Page:Dictionary of National Biography volume 32.djvu/161

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Larpent
Larpent
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Gerard de Hochepied Larpent [q. v.], was born on 15 Sept. 1776, and educated at Cheam school. He graduated B.A. from St. John's College, Cambridge, as fifth wrangler in 1799, was elected fellow, and proceeded M.A. in 1802. He studied for some time under Bayley, the eminent special pleader, was called to the bar, and went the western circuit. On circuit he did little business, but made some useful friendships. Manners Sutton, judge-advocate-general, selected him in 1812 to go out to the Peninsula as deputy judge-advocate-general to the forces there. He remained till 1814 at headquarters with Wellington, who thought highly of his services (Despatches, vi. 360). In August 1813 he was taken prisoner, but was exchanged almost immediately (ib. pp. 737, 761). In 1814 he was made a commissioner of customs. About the same time he was appointed civil and admiralty judge for Gibraltar. A new code was in course of formation, and Larpent was employed for a month or two in arranging the court-martial on General Sir John Murray. In the spring of 1815 Larpent was invited by the prince regent to inquire into the improprieties which the Princess Caroline was alleged to have committed abroad, but he wisely insisted that his appointment should proceed from the government directly, and that he should be employed to sift rather than gather partisan evidence. Although he nominally set out to take up his work at Gibraltar, he went to Vienna, where he was accredited to Count Münster, and began his investigations into the princess's conduct, with the result that he dissuaded the prince regent's advisers from bringing her to public trial. He thence travelled to Gibraltar, and remained there till 1820, when he was again employed in secret service with reference to the Princess Caroline. In 1821 Lord Liverpool made Larpent one of the commissioners of the board of audit of the public accounts. In 1826 he became its chairman, and in 1843 he retired. He died at Holmwood, near Dorking, Surrey, on 21 May 1845.

Larpent married, first, on 15 March 1815, Catherine Elizabeth, second daughter of Frederick Reeves of East Sheen, Surrey—she died without issue on 17 Jan. 1822; secondly, on 10 Dec. 1829, Charlotte Rosamund, daughter of George Arnold Arnold of Halstead Place, Kent—she died at Bath on 28 April 1879.

When in the Peninsula Larpent wrote descriptive letters to his step-mother; these were edited, with a preface by Sir George Larpent, under the title of 'Private Journals of Francis Seymour Larpent,' London, 1853, 3 vols. 8vo, and passed through three editions the same year. The manuscript forms British Museum Addit. MS. 33419.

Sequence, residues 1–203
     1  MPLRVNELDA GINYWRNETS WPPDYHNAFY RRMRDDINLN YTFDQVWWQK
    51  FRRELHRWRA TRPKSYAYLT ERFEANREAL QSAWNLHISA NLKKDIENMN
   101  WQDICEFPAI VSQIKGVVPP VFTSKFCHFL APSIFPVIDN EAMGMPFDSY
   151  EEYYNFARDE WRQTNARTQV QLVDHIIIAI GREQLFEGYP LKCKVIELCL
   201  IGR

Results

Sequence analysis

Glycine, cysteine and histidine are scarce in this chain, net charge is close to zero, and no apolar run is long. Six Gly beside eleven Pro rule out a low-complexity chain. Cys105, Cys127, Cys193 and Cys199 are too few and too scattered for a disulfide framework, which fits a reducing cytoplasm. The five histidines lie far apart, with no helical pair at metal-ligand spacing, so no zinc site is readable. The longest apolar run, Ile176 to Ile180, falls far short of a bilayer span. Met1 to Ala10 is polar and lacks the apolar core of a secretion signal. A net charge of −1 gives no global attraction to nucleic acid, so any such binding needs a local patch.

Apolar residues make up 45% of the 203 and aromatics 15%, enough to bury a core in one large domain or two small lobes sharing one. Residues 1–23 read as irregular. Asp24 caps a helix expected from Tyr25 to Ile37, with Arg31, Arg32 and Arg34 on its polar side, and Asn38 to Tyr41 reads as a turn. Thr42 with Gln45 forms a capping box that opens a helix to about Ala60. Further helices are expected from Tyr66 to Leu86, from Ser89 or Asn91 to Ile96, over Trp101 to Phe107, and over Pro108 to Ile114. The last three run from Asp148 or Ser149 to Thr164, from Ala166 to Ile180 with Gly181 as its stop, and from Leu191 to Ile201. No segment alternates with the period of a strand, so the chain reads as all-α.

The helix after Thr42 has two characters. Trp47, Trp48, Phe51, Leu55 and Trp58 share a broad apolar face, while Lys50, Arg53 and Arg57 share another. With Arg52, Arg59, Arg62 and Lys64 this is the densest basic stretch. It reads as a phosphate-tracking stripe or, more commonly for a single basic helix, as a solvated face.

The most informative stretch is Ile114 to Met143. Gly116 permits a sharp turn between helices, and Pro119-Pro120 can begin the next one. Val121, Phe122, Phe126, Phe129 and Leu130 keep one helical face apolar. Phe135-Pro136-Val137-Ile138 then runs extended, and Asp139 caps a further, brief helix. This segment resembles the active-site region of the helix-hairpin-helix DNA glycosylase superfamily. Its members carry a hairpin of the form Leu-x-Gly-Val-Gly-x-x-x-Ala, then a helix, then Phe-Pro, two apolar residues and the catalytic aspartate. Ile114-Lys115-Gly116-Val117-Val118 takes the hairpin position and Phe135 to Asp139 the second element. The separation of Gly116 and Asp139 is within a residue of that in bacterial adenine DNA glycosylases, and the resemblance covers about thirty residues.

[Memoir prefixed to the Journals; Gent. Mag. 1845, ii. 99; Burke's Peerage.]

W. A. J. A.

LARPENT, Sir GEORGE GERARD DE HOCHEPIED (1786–1855), politician, youngest son of John Larpent [q. v.], by his second wife, was born in London on 16 Feb. 1786. He early entered the East India house of Cockerell & Larpent, became chairman of the Oriental and China Association, and deputy-chairman of the St. Katharine's Docks Company. In May 1840 he unsuccessfully contested Ludlow in the whig interest, and in April 1841 Nottingham; but in June 1841 he was returned at the head of the poll for Nottingham, with Sir John Cam Hobhouse [q. v.]. On 13 Oct. 1841 he was created a baronet. He retired from parliament in August 1842, pending the result of a petition presented against his return. In 1847 he unsuccessfully contested the city of London. He died in Conduit Street, London, on 8 March 1855. He married, first, 13 Oct. 1813, Charlotte, third daughter of William Cracroft of the exchequer—she died on 18 Feb. 1851 at Bath, leaving two sons and a daughter; secondly, in 1852, Louisa, daughter of George Bailey of Lincolnshire, by whom he left a son—his second wife died on 23 March 1856. Larpent wrote a pamphlet in support of protection to West Indian sugar, 1823, which ran through two editions, and another entitled 'Some Remarks on the late Negotiations between the Board of Control and the East India Company.' He also edited the journals of his half-brother, Francis Seymour Larpent [q. v.], in 1853, and the 'History of Turkey' of his grandfather, Sir James Porter, continuing it and adding a memoir, 1854.

[Gent. Mag. 1855, i. 524; M'Culloch's Lit. of Polit. Econ. p. 93.]

W. A. J. A.

LARPENT, JOHN (1741–1824), inspector of plays, born 14 Nov. 1741, was the second son of John Larpent (1710–1797), who was forty-three years in the foreign office, and twenty-five years chief clerk there. His mother was a daughter of James Pazant of a refugee Norman family. John was educated at Westminster, and entered the foreign office. He was secretary to the Duke of Bedford at the peace of Paris in 1763, and to the Marquis of Hertford when lord-lieutenant of Ireland. In November 1778 he was appointed inspector of plays by the Marquis of Hertford, who was then lord chamberlain. He is said to have been strict and careful, and to have left behind him manuscript copies of all the plays submitted to the inspector from 1737 till 1824 (cf. Notes and